Disease detected in plants sold in Ohio stores
MARIETTA –A plant disease that has decimated oak forests in California, Oregon and parts of Europe has been detected in rhododendrons and lilacs sold during the spring and early summer at Walmart and Rural King in 17 states, including southeastern Ohio.
Anyone who bought the plants is being urged to destroy them by following very specific directions.
Sudden oak death disease is caused by a type of mold, Phytophthora ramorum, spread through spores. The spores typically are dispersed from the host plant by rain splatter and are aerially transferred to infect new plants.
“If it gets out and blows into the forest, it can really do some damage,” said Marcus McCartney at the Ohio State University extension office in Washington County. “This is an urgent priority. This is bad.”
McCarthy compared the damage potential of sudden oak death disease to that of the emerald ash borer, which has killed nearly all the ash trees in the region’s forests.
The infected plants were rhododendrons and lilacs sold at Walmart and Rural King outlets in southeastern Ohio between March 1 and June 1 of this year, including at the Marietta Walmart. McCartney said it is not yet clear how many of the plants sold were actually infected, or whether outlets in West Virginia were among those that received the infected plants.
The extension will come and examine any plant a homeowner is concerned about, and it can run diagnostic tests to determine the problem, he said. Anyone who bought a rhododendron or lilac from either of the two store chains during the period in question should contact the extension office immediately, he said, especially if the plants look unhealthy.
“Twig die-back, necrotic brown or yellow leaves, wilting are symptoms,” he said.
The disease can kill an oak tree within a year, he said.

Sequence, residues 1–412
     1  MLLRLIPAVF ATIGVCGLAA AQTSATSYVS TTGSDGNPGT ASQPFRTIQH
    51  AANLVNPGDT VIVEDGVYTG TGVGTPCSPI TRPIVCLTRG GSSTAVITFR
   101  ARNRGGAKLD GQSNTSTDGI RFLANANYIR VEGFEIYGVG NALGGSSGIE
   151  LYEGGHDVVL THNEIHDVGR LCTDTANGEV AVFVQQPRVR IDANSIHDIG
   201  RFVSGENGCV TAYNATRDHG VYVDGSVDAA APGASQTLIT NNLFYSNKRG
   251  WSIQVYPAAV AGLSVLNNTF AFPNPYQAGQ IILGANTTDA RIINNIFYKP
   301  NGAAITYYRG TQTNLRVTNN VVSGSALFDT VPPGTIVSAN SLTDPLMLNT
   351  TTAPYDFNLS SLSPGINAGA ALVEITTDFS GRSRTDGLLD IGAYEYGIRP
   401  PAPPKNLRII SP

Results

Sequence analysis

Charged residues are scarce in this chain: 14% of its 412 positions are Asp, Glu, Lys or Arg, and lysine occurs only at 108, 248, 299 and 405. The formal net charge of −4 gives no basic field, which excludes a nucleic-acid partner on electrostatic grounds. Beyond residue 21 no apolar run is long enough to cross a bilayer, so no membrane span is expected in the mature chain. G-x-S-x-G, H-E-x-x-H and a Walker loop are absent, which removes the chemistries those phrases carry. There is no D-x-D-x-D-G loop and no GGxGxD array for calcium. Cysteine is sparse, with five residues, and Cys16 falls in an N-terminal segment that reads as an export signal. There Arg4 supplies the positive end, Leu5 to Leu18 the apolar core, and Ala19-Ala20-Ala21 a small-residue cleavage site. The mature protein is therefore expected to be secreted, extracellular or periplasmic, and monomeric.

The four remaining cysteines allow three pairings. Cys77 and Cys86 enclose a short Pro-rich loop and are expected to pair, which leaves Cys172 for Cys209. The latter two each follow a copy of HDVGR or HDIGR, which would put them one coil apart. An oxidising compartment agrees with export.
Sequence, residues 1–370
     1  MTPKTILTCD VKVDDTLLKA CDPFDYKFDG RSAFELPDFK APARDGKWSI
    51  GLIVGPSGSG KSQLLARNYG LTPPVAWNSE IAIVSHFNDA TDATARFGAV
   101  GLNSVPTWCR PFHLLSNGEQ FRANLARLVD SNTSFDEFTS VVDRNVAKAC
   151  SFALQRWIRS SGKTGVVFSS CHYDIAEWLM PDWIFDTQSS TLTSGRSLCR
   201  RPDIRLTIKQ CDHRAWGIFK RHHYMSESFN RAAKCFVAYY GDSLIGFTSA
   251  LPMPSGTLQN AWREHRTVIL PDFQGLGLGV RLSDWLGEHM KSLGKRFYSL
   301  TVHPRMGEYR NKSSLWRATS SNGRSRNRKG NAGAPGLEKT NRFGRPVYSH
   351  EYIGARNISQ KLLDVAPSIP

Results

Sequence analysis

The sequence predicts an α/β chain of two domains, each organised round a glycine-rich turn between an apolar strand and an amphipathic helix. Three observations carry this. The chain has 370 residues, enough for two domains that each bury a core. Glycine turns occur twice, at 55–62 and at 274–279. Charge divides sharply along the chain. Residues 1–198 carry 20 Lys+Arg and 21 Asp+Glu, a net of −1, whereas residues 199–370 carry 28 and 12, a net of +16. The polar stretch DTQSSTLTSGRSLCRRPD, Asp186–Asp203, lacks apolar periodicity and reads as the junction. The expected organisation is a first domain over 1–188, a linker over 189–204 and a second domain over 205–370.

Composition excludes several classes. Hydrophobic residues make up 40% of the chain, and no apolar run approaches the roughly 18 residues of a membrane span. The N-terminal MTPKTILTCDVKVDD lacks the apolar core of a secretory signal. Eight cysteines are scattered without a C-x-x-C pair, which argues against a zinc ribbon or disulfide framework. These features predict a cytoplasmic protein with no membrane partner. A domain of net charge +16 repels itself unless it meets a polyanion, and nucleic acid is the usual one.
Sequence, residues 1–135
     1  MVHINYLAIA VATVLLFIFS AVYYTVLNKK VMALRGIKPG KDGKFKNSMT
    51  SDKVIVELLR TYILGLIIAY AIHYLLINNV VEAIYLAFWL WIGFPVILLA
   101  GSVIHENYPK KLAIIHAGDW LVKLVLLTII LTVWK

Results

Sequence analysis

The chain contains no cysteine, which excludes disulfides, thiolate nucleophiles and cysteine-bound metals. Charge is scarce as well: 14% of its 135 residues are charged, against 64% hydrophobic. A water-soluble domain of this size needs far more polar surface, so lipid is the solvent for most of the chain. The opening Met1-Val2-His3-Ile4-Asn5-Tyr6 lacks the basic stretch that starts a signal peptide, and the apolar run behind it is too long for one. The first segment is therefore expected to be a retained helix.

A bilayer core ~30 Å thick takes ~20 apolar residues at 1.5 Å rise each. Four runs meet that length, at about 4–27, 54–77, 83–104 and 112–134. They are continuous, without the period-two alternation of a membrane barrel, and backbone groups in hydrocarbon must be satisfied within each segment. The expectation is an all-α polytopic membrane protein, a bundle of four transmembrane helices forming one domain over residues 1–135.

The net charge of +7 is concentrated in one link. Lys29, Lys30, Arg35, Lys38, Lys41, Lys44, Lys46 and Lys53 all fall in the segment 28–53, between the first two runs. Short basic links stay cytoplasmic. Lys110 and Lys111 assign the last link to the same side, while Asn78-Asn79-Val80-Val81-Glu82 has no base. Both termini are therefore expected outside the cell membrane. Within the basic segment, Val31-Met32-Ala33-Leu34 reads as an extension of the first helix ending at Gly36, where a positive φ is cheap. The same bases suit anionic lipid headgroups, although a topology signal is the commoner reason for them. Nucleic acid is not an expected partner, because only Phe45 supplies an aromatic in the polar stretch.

Any plant that is infected must be dug up, roots and all, double-bagged and disposed of through trash collection that will bury it in a municipal landfill – the plants cannot be mulched, composted or recycled, the OSU extension said. Any garden tools that come in contact with it have to be disinfected by soaking in a 10 percent solution of bleach for at least 30 minutes.
Oaks, in addition to providing $26 billion of value to the Ohio forest industry, are a crucial feature of southeastern Ohio woods, offering habitat to birds, insects and other plants, soil stability through their massive root systems, and regal aesthetics to both wild and urban landscapes.
McCartney said he didn’t have information that would account for the time lapse between the sale of the infected plants and the reports of the disease. He said a conference is scheduled for today to discuss the matter in greater detail.
Sudden oak death disease is spread by airborne dispersion of spores aided by rainfall splash on leaves. The spores also live in soil moisture and are resistant to freezing. Even if all the infected plants are identified and eradicted, he said, the presence of the disease will trigger a monitoring effort that could last for years, he said.
“It would be nice if Walmart and Rural King were able to tell us how many of the plants they sold, who they sold them to and where they live,” McCartney said. “We could monitor the site and check back to see if it makes its way out.”
Attempts to reach Walmart and Rural King Tuesday were unsuccessful.
Sudden oak death disease has killed more than a million trees in the past decade in California and Oregon, according to information from the University of California integrated pest management program. Nurseries normally monitor for the disease and treat susceptible plants with an appropriate fungicide. McCartney said the USDA has not disclosed which nursery shipped the infected plants, although it is known to be in the western U.S.
He encouraged anyone who has a plant with a problem to call the extension office.
“If you’ve got a new shrub or tree and it doesn’t look right, get hold of the extension office. We’ll come and take a look at it, there’s a $20 charge for the diagnostic, they’ll culture it and know exactly what it is,” he said. Often, such plants are just suffering from transplant shock, but they might also have a disease the specialists at the extension office need to know about.
“If it gets out, if it blows into the forest, this could do some real damage,” he said. “It’s really important to get the community’s help on this.”
McCartney can be reached at 740-376-7431 or by email at firstname.lastname@example.org.
Michael Kelly can be contacted at email@example.com.